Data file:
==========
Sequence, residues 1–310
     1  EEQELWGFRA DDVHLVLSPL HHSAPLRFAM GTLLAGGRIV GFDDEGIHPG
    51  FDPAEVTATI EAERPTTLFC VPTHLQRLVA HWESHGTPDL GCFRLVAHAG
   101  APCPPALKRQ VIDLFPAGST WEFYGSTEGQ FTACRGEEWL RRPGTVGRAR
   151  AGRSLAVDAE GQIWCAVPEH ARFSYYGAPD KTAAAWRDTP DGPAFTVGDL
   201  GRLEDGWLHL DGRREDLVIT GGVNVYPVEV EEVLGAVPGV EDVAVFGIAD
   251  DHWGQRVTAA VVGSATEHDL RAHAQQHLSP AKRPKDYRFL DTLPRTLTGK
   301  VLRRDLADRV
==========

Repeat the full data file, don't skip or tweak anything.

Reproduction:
Sequence, residues 1–310
     1  EEQELWGFRA DDVHLVLSPL HHSAPLRFAM GTLLAGGRIV GFDDEGIHPG
    51  FDPAEVTATI EAERPTTLFC VPTHLQRLVA HWESHGTPDL GCFRLVAHAG
   101  APCPPALKRQ VIDLFPAGST WEFYGSTEGQ FTACRGEEWL RRPGTVGRAR
   151  AGRSLAVDAE GQIWCAVPEH ARFSYYGAPD KTAAAWRDTP DGPAFTVGDL
   201  GRLEDGWLHL DGRREDLVIT GGVNVYPVEV EEVLGAVPGV EDVAVFGIAD
   251  DHWGQRVTAA VVGSATEHDL RAHAQQHLSP AKRPKDYRFL DTLPRTLTGK
   301  VLRRDLADRV